eally hard at it and you have to get pretty deep into forensic audio so like auto tune like auto tune doesn't really work so well for singers that are way off it's, like someone has to be pretty close for itto work well in sound natural on me, unless you're going for the, you know, that sort of antoine dobbs and kind of effect by now. Yeah, if you're auditing the news than you want, that sort of edited effect. That's one thing, but I find it, at least with for my my chops, I find it really difficult to perfect a poor performance, and, you know, I could improve it a little bit, but if someone's not a great drummer, what all do is, um, you know, I'll try to embrace what is their strength, and maybe, you know, maybe they're real wild drummer, maybe, and, you know, actually, the thie pop had this sort of philosophy about the students and which was in there, and I think he was pretty heavily involved with a lot of their mixing was take the worst element of the mix and make it the loudest if you sometimes, if you have something that's not so hot, and you try to hide it, it actually sounds like you're trying to hide it and it's actually better toe, like, put something kind of crappy way up front in the mix and make it look like you're trying to feature that and embrace the character of of something less than perfect rather than try to disguise it you know an interesting interesting note on that is so too in track you know with easy drummer comes with all these like midi grooves that are recorded by actual drummers you know you can load in they don't edit them at all and if you look at those that there's a gene haugland one who you know everyone calls like you know the human clock or whatever if you look at that it's not on the grid the velocities are all over the place it's not like wildly off the grid but it's not on the grid so I think the idea I think what people think is perfect and what they what they perceived reap like the mathematical reality of it are oftentimes to very like our ears and brains play a lot of tricks on us because we hear things that are in perfect as more perfect I agree absolutely and I'll also I'll also add that it's impossible to separate our perception of music from the way in which from our sentimentality about music so the music that were raised on has dramatically affected the way that we hear all music in the future and you know, like I just I just turned forty so you know I'm coming of age in the in the eighties and at the time listening to eighties music but a lot of seventies music and there was just techno technology wasn't nearly what it is today, so I'm used to hearing I was raised on mohr dynamic, less perfect records than kids who are young right now were raised on and their experience of music and the music they're raised on was quite a bit different than mine, so they're hearing probably music with less distortion, or maybe the distortion there hearing is mohr like second order than first order on dh there used to hearing music that's, maur, rigid, mohr be detective, and they're raised with that. So they probably have a different filter for what is good than the filter that I have, you know jesse can talked about? Yeah, I was just going to talk about, you know, recording kids who are raised with digital recording versus kids who are raised with analog recording. They have a different perception of what good is, and I think, you know, as recording engineers it's our task to know, like, what is the goal of this recording? And who is my who's, my audience, who is my client and and in order to to make them happiness and what what will orphan what will best represent their artistic vision? Is it that perfection, or is that variation is that, you know, is a distortion or is a cleanliness? Great one from sean fits who's kind of noticed curtain a lot of videos in your studio the guitarist is in the room with the drummer while tracking are they just playing along with an answer him for the drummer to follow on do you ever have a problem noise from them being in the room yeah that's that is the case yet most of the time I'm using an amps and lately I've been using the camper profiling amp which is my favorite scratch track tool right now haven't really done a whole lot of tracking real tracking with it but it's great it's certainly great for scratch tracks and I don't have to worry about any issues of late in sea or hogging any resource is in my main dot but you know you could do scratch tracks any different ways it's really just a matter of coming up with something that makes the drummer comfortable feel like they're interacting with another person and have have somebody to play with and then also especially if you're not tracking on a click some you know, someone who's right there live with them to be malleable and adjust to what they're doing and to provide them with feedback so yeah and then but then sometimes there are conflicts I try to position whoever is out there playing scratch track away from any room mikes and overheads if they're strong really hard especially if there's like a you know like a little gap in the drummer's performance where they do a simple choke and there's just a guitar break. Sometimes you get that in the overhead mikes and you might have a new little editing on the overheads to get that out of there or or maybe you just enjoy that want to embrace and leave it in the mix. But yes, sometimes you might want to ask them to play a little bit a little bit quieter maybe not as aggressively as we usually do. Another nice thing about having a scratch guitarist they use a lot is, you know let's say there is like a short guitar break like that all instead of having the guitar player like play the rift during the guitar break in middle of something have a guitar players coach because it's usually easier for them to keep time with, like ah self made click track than it is to follow like a distorted, fluid kind of guitar riff. Right. Okay um if you have a drummer, if you have the option of a drummer's really dialed with a click and well rehearsed with it and they can play with the click or not do you find that it's usually better to not play with the click or with the click for few allies and things like that that's that's totally like a case by case basis and I usually um if we're not sure just recorded each way and then sort of take about you know, like let's listen back to the reforms and see what feels more exciting sometimes it's half and half you know sometimes will be like you know the verse and chorus feel great but then by the time we get to the bridge let's just let's just take the click off at the end of the song be a little bit more wild and I was told totally case by case for that look at that it's a hand let's see if we've got one here from toto who blesses the rain down in africa not sure karen do you ever some to mike's together when you're tracking drums like the snare kick drums? Um not typically on the way and oh, by the way supposedly I'm related to people in toto I don't have the look I don't know like my grandmother insists that they're like distant cousins of mine but I don't I don't know yeah, they're cool maybe this is your cousin as well? Yeah, it totally depends on what your your setup is how many, how many you know microphones and channels you have how many? How many inputs on your converters you have my studio's is pretty well equipped and have a lot of gear, so I'm able to keep that stuff separate on the way in but when I was tracking primarily to tape, especially when I had, like, a mini track and a sixteen track, then I would combine that stuff down to one track. And we talk a little bit more about this tomorrow. But one of the reasons to keep it separate is if there is a, um, you know, this will be. There will be a subtle offset in time between the top snare and bottom stair mike, and same thing with, like, inside, kick outside, kick or top, top and bottom, tom, mike, and sometimes that that that offset is cool and gives you a nice effect. But other times you actually want to scoot some tracks around a little bit, tow, line them up, maura, you end up like, can end up with a more pure sound that sounds less like the face discrepancies you get from a lot of mikes, no fewer mike's. You know, if you put eight mikes on a kid, you're naturally gonna have fewer phase discrepancies. And if you have twenty mikes on a kid, but if you can take, you know your top and bottom snare mike scooped the bottoms near mike a little bit and then sort of make make that on ly one phase discrepancy from the snare of supposed to to face discrepancies from the snare do that. That can help you out a little bit. So I like to keep all those stuff all those things on separate tracks while I'm tracking. And then sometimes and talk about this more tomorrow also, but sometimes even within a single tracks, all to dupe a track inside pro tools and process the two tracks independently from each other, even though it's coming from the same source.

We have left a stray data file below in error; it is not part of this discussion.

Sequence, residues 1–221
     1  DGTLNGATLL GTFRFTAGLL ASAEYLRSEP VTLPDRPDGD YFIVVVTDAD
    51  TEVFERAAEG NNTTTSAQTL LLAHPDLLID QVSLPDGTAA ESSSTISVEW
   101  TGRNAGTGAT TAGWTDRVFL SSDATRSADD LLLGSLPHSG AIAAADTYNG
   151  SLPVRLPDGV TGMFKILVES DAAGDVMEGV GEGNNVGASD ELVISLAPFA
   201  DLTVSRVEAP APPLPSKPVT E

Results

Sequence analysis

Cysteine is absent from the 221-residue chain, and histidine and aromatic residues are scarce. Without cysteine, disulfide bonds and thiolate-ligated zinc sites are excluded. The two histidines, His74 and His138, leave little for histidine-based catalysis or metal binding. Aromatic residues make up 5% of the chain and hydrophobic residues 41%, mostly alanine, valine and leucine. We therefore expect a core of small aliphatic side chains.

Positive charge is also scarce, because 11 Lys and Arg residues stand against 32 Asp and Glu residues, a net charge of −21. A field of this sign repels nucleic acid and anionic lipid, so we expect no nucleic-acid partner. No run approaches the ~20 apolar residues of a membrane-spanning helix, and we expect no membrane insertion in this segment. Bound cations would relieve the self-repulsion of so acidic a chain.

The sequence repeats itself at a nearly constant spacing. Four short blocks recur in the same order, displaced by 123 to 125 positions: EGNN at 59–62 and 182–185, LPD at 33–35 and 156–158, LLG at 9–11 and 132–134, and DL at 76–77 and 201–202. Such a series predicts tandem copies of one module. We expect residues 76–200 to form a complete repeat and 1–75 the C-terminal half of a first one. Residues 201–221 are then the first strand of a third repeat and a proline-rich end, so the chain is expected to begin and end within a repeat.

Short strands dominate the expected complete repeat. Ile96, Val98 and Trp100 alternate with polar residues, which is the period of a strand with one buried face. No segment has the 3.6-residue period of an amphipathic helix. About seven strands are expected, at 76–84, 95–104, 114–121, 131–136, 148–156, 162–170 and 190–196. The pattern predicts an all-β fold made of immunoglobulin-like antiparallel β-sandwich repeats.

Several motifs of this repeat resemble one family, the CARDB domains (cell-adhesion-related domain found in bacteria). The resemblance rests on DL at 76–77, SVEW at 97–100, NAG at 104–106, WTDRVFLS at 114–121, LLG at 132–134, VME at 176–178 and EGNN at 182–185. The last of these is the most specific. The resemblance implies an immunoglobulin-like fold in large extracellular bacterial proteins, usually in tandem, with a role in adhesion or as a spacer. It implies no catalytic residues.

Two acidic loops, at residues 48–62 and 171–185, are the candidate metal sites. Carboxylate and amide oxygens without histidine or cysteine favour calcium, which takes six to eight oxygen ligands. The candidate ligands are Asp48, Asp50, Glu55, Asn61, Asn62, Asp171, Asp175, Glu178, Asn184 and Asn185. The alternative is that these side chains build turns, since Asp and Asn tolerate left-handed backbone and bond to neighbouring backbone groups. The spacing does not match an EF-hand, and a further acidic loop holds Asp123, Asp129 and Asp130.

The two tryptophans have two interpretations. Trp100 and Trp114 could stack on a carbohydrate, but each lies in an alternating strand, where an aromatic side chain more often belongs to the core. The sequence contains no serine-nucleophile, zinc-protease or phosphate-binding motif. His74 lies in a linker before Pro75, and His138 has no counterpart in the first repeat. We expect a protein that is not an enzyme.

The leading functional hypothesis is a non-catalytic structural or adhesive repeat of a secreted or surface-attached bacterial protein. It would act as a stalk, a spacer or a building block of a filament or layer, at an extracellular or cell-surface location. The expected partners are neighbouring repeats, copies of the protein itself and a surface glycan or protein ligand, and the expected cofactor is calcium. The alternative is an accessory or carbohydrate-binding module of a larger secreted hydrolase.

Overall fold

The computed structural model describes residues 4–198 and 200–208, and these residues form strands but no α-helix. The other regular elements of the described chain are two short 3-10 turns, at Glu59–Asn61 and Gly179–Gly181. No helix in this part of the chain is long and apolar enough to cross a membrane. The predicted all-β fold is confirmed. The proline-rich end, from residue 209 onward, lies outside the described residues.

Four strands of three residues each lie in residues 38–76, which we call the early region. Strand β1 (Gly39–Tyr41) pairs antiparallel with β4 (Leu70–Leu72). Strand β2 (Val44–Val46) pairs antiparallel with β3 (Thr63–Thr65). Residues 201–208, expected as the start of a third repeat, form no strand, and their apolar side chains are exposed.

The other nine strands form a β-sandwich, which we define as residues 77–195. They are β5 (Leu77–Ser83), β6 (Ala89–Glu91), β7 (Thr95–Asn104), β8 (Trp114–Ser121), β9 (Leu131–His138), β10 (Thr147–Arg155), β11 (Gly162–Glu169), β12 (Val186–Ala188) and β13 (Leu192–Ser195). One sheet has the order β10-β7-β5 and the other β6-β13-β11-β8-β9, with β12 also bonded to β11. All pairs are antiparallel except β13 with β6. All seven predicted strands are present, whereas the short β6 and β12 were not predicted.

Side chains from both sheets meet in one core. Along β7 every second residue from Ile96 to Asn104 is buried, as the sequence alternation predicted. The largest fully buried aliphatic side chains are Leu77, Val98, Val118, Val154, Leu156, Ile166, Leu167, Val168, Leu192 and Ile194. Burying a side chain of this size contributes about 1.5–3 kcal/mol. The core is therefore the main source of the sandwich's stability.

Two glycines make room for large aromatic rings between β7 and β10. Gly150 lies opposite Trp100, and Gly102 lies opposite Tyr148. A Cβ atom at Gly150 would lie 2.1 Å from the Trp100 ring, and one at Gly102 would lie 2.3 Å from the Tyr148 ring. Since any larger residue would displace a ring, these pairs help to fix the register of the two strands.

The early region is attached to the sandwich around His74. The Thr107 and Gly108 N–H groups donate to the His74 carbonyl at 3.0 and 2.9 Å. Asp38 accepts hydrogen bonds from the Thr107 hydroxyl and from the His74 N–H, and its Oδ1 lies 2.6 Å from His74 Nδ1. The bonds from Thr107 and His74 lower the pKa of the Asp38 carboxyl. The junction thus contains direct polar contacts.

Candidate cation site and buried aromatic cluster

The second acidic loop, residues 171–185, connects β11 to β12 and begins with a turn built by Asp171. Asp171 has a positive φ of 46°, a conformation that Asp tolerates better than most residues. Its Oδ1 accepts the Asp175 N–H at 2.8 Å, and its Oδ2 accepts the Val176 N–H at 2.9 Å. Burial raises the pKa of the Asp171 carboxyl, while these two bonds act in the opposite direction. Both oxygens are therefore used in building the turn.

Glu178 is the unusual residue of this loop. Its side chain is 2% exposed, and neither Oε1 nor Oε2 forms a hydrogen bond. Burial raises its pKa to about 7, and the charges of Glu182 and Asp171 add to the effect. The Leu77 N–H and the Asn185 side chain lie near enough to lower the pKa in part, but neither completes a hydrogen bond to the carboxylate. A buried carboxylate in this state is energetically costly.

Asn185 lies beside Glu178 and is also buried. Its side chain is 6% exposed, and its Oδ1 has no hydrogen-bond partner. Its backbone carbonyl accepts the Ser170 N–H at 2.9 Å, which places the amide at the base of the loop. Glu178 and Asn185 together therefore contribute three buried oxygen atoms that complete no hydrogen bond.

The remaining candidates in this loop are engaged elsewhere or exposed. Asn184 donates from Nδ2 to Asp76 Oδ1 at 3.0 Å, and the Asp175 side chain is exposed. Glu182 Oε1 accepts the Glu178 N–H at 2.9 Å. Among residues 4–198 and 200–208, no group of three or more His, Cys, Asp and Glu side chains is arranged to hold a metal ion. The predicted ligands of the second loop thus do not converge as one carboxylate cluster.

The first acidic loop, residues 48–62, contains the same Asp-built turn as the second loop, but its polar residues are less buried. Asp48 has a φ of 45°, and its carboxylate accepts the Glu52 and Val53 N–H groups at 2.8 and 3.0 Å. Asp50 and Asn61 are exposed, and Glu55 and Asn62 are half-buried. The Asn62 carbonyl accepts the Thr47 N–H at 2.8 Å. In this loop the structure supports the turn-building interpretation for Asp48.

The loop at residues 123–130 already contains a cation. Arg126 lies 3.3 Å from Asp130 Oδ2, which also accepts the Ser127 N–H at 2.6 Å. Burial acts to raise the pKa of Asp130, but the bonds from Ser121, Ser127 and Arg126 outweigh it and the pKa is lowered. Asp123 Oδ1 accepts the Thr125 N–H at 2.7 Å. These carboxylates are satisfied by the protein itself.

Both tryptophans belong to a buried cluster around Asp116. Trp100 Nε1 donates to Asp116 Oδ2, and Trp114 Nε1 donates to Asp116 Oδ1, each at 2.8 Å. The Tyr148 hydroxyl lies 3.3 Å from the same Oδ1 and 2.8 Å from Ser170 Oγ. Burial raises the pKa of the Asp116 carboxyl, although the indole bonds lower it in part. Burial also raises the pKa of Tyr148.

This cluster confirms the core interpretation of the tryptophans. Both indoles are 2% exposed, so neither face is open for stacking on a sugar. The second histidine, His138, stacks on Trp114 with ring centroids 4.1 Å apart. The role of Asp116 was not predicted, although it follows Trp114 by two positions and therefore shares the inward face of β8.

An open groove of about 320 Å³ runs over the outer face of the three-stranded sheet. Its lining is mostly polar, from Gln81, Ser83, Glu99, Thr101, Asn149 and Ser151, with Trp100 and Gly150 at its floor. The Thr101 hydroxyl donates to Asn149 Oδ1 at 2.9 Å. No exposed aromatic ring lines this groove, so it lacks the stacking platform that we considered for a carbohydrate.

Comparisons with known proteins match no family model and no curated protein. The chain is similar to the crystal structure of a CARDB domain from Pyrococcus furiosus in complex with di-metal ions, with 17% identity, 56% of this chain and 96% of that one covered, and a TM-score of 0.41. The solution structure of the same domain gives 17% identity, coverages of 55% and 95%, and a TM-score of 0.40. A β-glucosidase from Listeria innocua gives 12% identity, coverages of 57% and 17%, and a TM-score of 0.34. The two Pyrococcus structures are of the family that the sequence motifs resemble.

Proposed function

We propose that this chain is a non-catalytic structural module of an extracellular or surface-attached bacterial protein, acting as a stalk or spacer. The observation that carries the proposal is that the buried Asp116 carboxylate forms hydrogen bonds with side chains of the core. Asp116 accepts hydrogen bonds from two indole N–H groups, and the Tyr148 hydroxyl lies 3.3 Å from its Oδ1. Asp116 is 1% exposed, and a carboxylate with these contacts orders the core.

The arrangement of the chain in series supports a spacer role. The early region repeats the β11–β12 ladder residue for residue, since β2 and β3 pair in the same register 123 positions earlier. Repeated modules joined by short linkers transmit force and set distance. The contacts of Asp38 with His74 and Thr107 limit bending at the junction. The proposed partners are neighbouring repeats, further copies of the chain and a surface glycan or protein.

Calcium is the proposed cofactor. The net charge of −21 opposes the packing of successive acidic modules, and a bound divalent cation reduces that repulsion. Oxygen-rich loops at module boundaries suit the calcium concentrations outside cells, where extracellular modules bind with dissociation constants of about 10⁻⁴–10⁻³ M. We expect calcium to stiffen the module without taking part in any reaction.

Class Description


In this two-day course, prolific producer Kurt Ballou will take you behind-the-scenes of GodCity Studios to show you exactly how the magic happens. This all-access studio pass will immerse you in every aspect of Kurt’s distinctive sound — from choosing and setting up gear, to tracking and mixing.

Kurt will show you the basic and advanced techniques he uses in his studio every day, and teach you how to apply them to your own recording — regardless of whether you’re working in a studio or at home with a DIY setup. Using anecdotes from his years behind the board, Kurt will also teach you his best practices for working with bands to extract the best and most inventive sounds.

Reviews

Keith Foster
 

First off, even though I'm neither a beginner nor a recording professional, this class is absolutely worth the money you spend on it - especially if you plan on making heavy music. There are enough tips, tricks and guidance in here to get your money's worth many times over. That said, as an indie artist who goes to a studio to record drum tracks, then does the rest ina home studio I found some of the things disheartening. Much of the class follows a "I do this thing using item / amp / microphone / plugin (X), it's pretty cool" vibe, and it sounds cool.... until you check the price. As an example, the 'stereo buss processing' section sounds fun to try, except for the part where the three pieces of gear cost about $8K. As a result I found myself figuring out how to incorporate the essence of what he was saying without the gear budget to do so. Maybe I'm not the intended audience but a little more concept and less gearhead would have been even better. That said you should totally get it, it's a low price for so many hours of great content.